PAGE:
na me pārthāsti kartavyaḿ
triṣu lokeṣu kiñcana
varta eva ca karmaṇi
Translation of Bhagavad Gita 3.22
O son of Pritha, there is no work prescribed for Me within all the three planetary systems. Nor am I in want of anything, nor have I a need to obtain anything—and yet I am engaged in prescribed duties.
Commentary by Sri A.C. Bhaktivedanta Swami Prabhupada of Gaudiya Sampradaya:
The Supreme Personality of Godhead is described in the Vedic literatures as follows:
tam ishvaranam paramam maheshvaram
tam devatanam paramam ca daivatam
patim patinam paramam parastad
vidama devam bhuvanesam idyam
na tasya karyam karanam ca vidyate
na tat-samas cabhyadhikas ca drsyate
parasya shaktir vividhaiva sruyate
svabhaviki jnana-bala-kriya ca
“The Supreme Lord is the controller of all other controllers, and He is the greatest of all the diverse planetary leaders. Everyone is under His control. All entities are delegated with particular power only by the Supreme Lord; they are not supreme themselves. He is also worshipable by all demigods and is the supreme director of all directors. Therefore, He is transcendental to all kinds of material leaders and controllers and is worshipable by all. There is no one greater than Him, and He is the supreme cause of all causes.
“He does not possess bodily form like that of an ordinary living entity. There is no difference between His body and His soul. He is absolute. All His senses are transcendental. Any one of His senses can perform the action of any other sense. Therefore, no one is greater than Him or equal to Him. His potencies are multifarious, and thus His deeds are automatically performed as a natural sequence.” (Shvetasvatara Upanishad 6.7–8)
Since everything is in full opulence in the Personality of Godhead and is existing in full truth, there is no duty for the Supreme Personality of Godhead to perform. One who must receive the results of work has some designated duty, but one who has nothing to achieve within the three planetary systems certainly has no duty. And yet Lord Krishna is engaged on the Battlefield of Kurukshetra as the leader of the kshatriyas because the kshatriyas are duty-bound to give protection to the distressed. Although He is above all the regulations of the revealed scriptures, He does not do anything that violates the revealed scriptures.
Commentary by Sri Vishvanatha Chakravarthi Thakur of Gaudiya Sampradaya:
In three verses the Lord uses himself as an example.
Commentary by Sri Ramanuja of Sri Sampradaya:
3.22 For Me, who is the Lord of all, who has all desires fulfilled, who is omniscient, whose will is always true, and who, at My own will, remains in the three worlds in the forms of gods, men and such other beings, there is nothing whatever to achieve. Therefore though there is for Me nothing ‘unacquired’, i.e., nothing yet to be acquired by work, I go on working for the protection of the world.
Commentary by Sri Sridhara Swami of Rudra Sampradaya:
It may be submitted that although the eternal soul is not slain; yet and still reflecting on the total destruction of the physical body one might still grieve. To answer this it is being put forth that just as new physical bodies which are dependent on karma or reactions from one’s actions in a present life will surely continue; so there is no need for grief at the destruction of old, worm out bodies. This is the proper understanding.
Commentary by Sri Madhvacharya of Brahma Sampradaya:
In this verse the Supreme Lord clarifies the distinction between the physical body and the eternal soul by giving this succinct analogy.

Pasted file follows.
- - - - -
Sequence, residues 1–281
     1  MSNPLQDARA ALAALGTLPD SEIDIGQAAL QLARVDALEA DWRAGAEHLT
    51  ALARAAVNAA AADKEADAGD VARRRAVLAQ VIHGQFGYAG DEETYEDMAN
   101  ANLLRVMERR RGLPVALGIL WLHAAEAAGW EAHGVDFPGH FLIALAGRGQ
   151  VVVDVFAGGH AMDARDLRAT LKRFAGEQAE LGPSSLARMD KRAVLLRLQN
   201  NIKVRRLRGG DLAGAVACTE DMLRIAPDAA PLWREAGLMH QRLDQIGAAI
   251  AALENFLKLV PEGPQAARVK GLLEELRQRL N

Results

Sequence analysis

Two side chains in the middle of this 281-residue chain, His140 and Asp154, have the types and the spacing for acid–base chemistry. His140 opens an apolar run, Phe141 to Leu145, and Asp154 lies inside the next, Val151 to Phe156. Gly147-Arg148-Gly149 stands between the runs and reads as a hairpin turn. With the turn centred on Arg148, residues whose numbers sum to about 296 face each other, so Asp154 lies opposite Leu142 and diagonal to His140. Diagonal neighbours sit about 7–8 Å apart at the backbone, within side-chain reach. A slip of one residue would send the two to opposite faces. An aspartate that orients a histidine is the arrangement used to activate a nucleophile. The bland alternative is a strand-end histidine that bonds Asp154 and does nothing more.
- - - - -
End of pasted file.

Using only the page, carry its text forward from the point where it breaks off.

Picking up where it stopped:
Now begins the summation.
The living entities propensity of acquiring and discarding physical bodies is factually the process of birth and death and therefore should be understood as not deserving to be the cause of sorrow. Thus the Supreme Lord gave explanation was given to delineate this.
Commentary by Sri Keshava Kashmiri of Kumara Sampradaya:
Although by reflection it can be clearly understood that the soul is indestructible and not to be lamented for; yet and still the physical body is destructible. With the termination in battle of the physical body of a very dear one such as preceptor, protector or loved ones the seperation from whom will undoubtedly cause deep lamentation. To categorically clarify this misusage Lord Krishna explains that just as there is no grief when one discards old worn out garments and there is joy at accepting new garments in the same way the embodied soul discarding old worn out bodies joyfully accepts new ones. So if preceptors like Bhisma were to lose their body in this war of righteousness then they would receive a new and better physical body in their next life and it would be beneficial for them and not unfavorable.
Commentary by Sri Adi Shankaracharya of Advaita Sampradaya:
3.22 O Partha, na asti, there is no; kartavyam, duty; kincana, whatsoever; me, for Me (to fulfill); even trisu lokesu, in all the three worlds. Why? There is na anavaptam, nothing (that remains) unachieved; or avaptavyam, to be achieved. Still varte eva, do I continue; karmani, in action.
Commentary by Sri Abhinavagupta of Kaula Tantra Sampradaya:
3.21-22 Yad yad acarati etc. Na me etc. The Bhagavat cities Himself as an example to illustrate the idea that to favour the world is the [only] purpose for such a person to exert in action, eventhough he has already attained whatever is to be attained, and is fully satisfied in his mind.
Sanskrit Shloka Without Transliteration Marks:
na me parthasti kartavyam
trisu lokesu kincana
varta eva ca karmani
Sanskrit to English Word for Word Meanings:
na — not; me — Mine; pārtha — O son of Pṛthā; asti — there is; kartavyam — prescribed duty; triṣu — in the three; lokeṣu — planetary systems; kiñcana — any; na — nothing; anavāptam — wanted; avāptavyam — to be gained; varte — I am engaged; eva — certainly; ca — also; karmaṇi — in prescribed duty.